For the last several years it is has been exceptionally difficult for entrepreneurs to obtain bank loans. While the Obama Administration claims they are making efforts to change lending requirements, their results have been slow to improve the lending climate for entrepreneurs.
In a study conducted by Pepperdine University, out of nearly 1,200 applicants more than 60-percent of entrepreneur applications resulted in denial. This study shows a continuing trend. The reason that most small businesses receive denials for cash advances, working capital loans or business lines of credit is because they have minimal collateral. Traditional lending institutions predominantly make their lending decisions based on collateral.
With this considerable debt against borrowers, this means that banks consider nearly 15-percent of small businesses to be non-lendable simply due to their lack of collateral. Another 47-percent of businesses falls into marginal classes based on their collateral status.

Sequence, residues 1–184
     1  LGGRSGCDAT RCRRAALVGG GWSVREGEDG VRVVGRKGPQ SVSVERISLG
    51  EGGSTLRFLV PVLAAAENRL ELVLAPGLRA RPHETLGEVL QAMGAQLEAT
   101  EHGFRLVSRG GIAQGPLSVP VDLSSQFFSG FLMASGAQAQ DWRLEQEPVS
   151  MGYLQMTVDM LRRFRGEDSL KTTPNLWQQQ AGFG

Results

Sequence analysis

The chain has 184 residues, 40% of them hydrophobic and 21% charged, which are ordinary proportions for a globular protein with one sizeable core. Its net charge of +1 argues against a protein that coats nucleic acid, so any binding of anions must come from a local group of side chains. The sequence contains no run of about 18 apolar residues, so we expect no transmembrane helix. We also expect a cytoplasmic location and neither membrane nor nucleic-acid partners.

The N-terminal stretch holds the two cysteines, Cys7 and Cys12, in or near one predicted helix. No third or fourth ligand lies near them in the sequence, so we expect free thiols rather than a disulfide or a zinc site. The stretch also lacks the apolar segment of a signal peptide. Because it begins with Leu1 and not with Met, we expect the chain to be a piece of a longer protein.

The bottom line is that if small businesses are experiencing a financial crisis there is no reason to even bother calling a bank for a loan. Without the necessary collateral to back up a loan, a bank refuses to even bother helping entrepreneurs in need.
Most small businesses ultimately reach out to factoring, which encompasses several different types of loans, such as merchant cash advance loans, private money loans, unsecured loans, etc. Lenders charge higher premiums and interest because small businesses do not have the necessary collateral for traditional bank loans.
Statistics also show that 20-percent of entrepreneurs are able to receive Small Business Administration (SBA) backed loans, while 25-percent are able to obtain unsecured lines of credit, borrow from private lenders or receive merchant cash advances. Another 22-percent of entrepreneurs can obtain factor loans, which are based on the sale of receivables, only these are sold at a substantial discount.
For those entrepreneurs that do qualify for non-bank backed loans, interest rates are high, averaging between 23- to 31-percent. Many of these entrepreneurs have already maxed out their personal savings, family loans, retirement accounts and credit card cash advances.
Most businesses are required to put up collateral for cash, which means their residence, business equipment, company cars, merchandise and much more. The bank then confiscates this collateral, should the borrower fail to pay their obligated payments.
Business owners have several options when looking for additional loans to help infuse their business with cash. The most important advice that business owners can take to heart is to complete the necessary amount of research to explore which loans best meet their companies’ needs.